The Portland Press Herald
We still don't know how much taxpayer money Gov. Paul LePage spent at the Trump International Hotel during his frequent trips to the nation's capital, but we have learned something that could be much more important.
By now we should know that Maine's Freedom of Access Act is not strong enough in its current form to adequately protect the public's right to know what its government is doing. If the law is not soon buttressed with the addition of meaningful consequences for officials who willfully violate it, the law will quickly become irrelevant.
That's not an outcome anyone interested in good government should accept.
Ignoring public records requests became the norm during the LePage administration, as deadlines were allowed to expire and months turned into years without producing any documents or satisfactory explanations. Now that LePage is no longer in office, his successor's staff is struggling to fill leftover requests, but the fact that LePage was able to get away with it sends a powerful message throughout government at all levels: Compliance with this law is optional.
The Trump hotel bills are a classic example. LePage made a number of trips to Washington in the early months of the Trump administration. We know that the governor's security detail stayed at the hotel, which is owned by the president's family. When LePage was asked how much he spent during those visits, he grew uncharacteristically quiet.
The government is supposed to respond to requests for records within five days, either by turning over the documents or explaining why it's taking longer. The hotel bill request languished for hundreds of days, even though complying with the law would have been no more difficult than producing a few receipts - just like every business traveler does every month of the year.
Previous administrations have complied with the Freedom of Access Act, and so have school boards, town councils, task forces, blue ribbon commissions and other government bodies. They did it because they understood that it was their obligation because the public has a right to know what the government is doing. In some cases, officials probably complied with the law even if they found the request to be annoying, because violating it would make them look as if they had something to hide.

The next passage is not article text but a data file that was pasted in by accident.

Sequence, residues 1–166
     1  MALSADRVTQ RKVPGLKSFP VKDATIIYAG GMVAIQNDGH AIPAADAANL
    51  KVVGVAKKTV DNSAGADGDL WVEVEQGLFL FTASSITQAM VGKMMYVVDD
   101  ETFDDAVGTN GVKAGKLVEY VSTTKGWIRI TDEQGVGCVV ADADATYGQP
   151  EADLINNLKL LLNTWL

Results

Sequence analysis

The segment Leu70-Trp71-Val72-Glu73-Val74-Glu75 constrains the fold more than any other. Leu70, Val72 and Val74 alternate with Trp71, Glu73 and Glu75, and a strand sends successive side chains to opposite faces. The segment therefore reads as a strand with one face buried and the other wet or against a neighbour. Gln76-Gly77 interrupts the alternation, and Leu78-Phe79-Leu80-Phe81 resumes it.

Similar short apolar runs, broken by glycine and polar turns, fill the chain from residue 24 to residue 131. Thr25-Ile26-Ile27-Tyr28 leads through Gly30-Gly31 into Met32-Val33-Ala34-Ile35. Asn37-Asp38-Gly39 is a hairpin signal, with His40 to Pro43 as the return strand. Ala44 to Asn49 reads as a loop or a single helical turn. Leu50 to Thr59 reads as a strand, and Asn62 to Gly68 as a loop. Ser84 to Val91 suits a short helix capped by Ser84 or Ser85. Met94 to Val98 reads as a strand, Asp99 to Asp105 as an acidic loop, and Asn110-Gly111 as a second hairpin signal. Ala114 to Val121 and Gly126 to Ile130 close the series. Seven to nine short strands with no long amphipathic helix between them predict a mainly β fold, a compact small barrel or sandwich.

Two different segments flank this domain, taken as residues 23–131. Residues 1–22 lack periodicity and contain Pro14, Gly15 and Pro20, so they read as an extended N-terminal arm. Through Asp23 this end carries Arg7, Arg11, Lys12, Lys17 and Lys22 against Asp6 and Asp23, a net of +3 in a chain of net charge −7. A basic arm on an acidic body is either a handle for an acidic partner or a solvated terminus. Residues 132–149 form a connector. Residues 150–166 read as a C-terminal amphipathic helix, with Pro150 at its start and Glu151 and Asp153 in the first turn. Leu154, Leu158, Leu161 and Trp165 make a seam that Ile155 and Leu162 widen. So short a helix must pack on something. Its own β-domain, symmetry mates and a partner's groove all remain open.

But the LePage record with Freedom of Access requests shows that if an official does not respect the public's rights and has no shame about appearing corrupt, there's not much more the law can do.
A task force of legal experts assembled by the Brennan Center for Justice recently issued a report calling for reforms to protect the rule of law and democracy on the federal level. Its authors identified the kind of problem that has been exposed by the failure to comply with public records laws in Maine.
"Our republic has long relied not just on formal laws and the Constitution, but also on unwritten rules and norms that constrain the behavior of public officials," they wrote. "Without them, government becomes a chaotic grab for power and self-interest."
Once the unwritten rules are violated, the country has to decide whether we can live without them or if they should be spelled out in statute.
As an example, they cite presidential term limits passed after Franklin D. Roosevelt broke the unwritten two-term tradition that had been established by George Washington.
Paul LePage is not in power anymore, but he has left a mess behind that goes beyond finding out how much he spent at the hotel.
If we still believe that government functions best in the sunshine, we need to give the Freedom of Access Act some teeth.